If you want your children to be kind, studious, and compassionate people who are kind to their peers, you must have excellent social behavior, you must set aside plenty of time for studies and support when needed, and you must pay attention particular to their sense of contentment.
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Also, you should ask your children to do a lot of household chores. This is the conclusion from a survey of nearly 10,000 children in their early elementary school years: Children who were held responsible for a number of household chores at home while they were of kindergarten age were more socially developed, were better students, and were overall more satisfied with life by the time they reached third grade.
How can such a direct correlation be the case? Another way to think about it is… how can he not?
Chores teach responsibility, self-sufficiency and pride
We all like to be part of a team, but more specifically, we like to feel like a valued member of that team, and the way to be and feel appreciated is to genuinely provide some value to the group. For children in kindergarten and early elementary school, the primary “team” is the home, and to be a contributing member of that team (AKA the family) requires guidance from parents (or primary caregivers ).
While children will feel satisfied with the proverbial “job well done” when doing chores, they will need guidance as the chores are implemented.
Once they are, however, household chores offer children a way to achieve something that youth seldom allows: self-sufficiency. Children who are tasked with household chores will grow up to feel that they are trusted with those chores rather, not at all so to speak.
When a child is praised for a good test result or a good performance in a school play, it can give him a momentary sense of pleasure. When he or she can tell that they are truly appreciated for their regular contributions to the home, it can create a lasting sense of innate responsibility. It can help them start to become the kind of person who takes care of their own needs and is seen by others as someone they can rely on and respect.
Why parents often fail to hold children accountable for household chores
You know the old expression that goes along with “if you want something done right, you have to do it yourself”, right? Well, when it comes to a child’s chores, this advice could hardly be less specific. Yes, when you ask a child to set the table before a meal or clear the dishes after dinner, the task will take longer. And yes, there can be more spills and messes and ultimately more work for parents. The fact that children take longer to do many things and do them less efficiently is one of the reasons parents may not hold a child accountable for household chores. But how else will they learn?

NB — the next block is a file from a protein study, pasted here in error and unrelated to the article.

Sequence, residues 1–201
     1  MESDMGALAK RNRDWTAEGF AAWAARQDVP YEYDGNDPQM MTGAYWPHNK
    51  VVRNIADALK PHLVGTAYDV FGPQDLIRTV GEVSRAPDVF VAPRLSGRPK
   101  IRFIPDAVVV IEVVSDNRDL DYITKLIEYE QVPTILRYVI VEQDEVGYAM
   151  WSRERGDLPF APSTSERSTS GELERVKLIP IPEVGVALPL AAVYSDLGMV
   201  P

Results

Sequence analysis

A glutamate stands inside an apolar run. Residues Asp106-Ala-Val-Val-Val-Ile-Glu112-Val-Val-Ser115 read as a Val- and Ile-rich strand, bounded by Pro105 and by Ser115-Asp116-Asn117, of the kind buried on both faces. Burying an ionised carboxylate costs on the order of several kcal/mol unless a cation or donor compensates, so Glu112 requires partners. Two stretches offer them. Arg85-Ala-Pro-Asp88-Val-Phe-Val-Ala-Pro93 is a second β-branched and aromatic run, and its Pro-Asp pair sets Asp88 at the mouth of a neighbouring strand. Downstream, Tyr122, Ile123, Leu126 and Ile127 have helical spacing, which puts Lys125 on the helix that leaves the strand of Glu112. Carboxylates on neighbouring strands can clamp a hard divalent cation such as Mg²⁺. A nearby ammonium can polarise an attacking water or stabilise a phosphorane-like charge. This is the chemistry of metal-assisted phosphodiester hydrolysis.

The second reason parents may not take responsibility is that, frankly, it can be difficult to do so. Children who haven’t had to do chores before may put off new chores, be defiant, or throw tantrums.
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Sticking to it takes dedication and sometimes a stern hand, but with a stern but caring approach, the new regimen of chores will eventually take hold and end up being mundane and perhaps even a source of pride as the child contributes at home.
Third, some parents may not force children to do chores because they want their children to have the happiest, easiest, and most carefree childhood possible, thinking how hard life can be at home. adulthood, so why impose these burdens on them now? This is exactly the wrong approach for caring and loving parents, even if they mean well, because it sets children up for challenges and setbacks later in life.
Set kids up for success with manageable tasks
So, are you convinced of the benefits of having children in their kindergarten and early elementary school years doing household chores? That’s fine, but only as long as you start the new routine properly. You don’t have to – and shouldn’t – set up a grueling new chore routine overnight, suddenly asking your child to take out the trash, hose down the pants, feed the fish, scavenge laundry, etc.
Let’s take the example of setting the table, although this staggered approach can be used much more broadly. If your goal is for the child (or children) to set the whole table, start with the napkins. Then, after a week of this (or whenever the child shows skill), add silverware placement. Soon you will also be able to ask the child to prepare drinks and, soon after, even bring plates and bowls of food to the table. Slowly allowing the drudgery to expand helps ensure success and makes it seem less of a burden and more of a daily thing.
Also note that you should never entrust a child with a chore that may be a matter of safety or a real necessity for the home. Young children should not walk the dog alone, for example, or do any cooking chores involving heat or sharp knives, or be solely responsible for feeding pets, or any other household chores. this type which, if not done or not done correctly, could create a real problem. for the housework. The goal is to teach responsibility and self-sufficiency, not to impose responsibility on them that could backfire, causing shame or trauma if tasks are not completed.
Trust us – your kids will end up thanking you for making them do a little homework!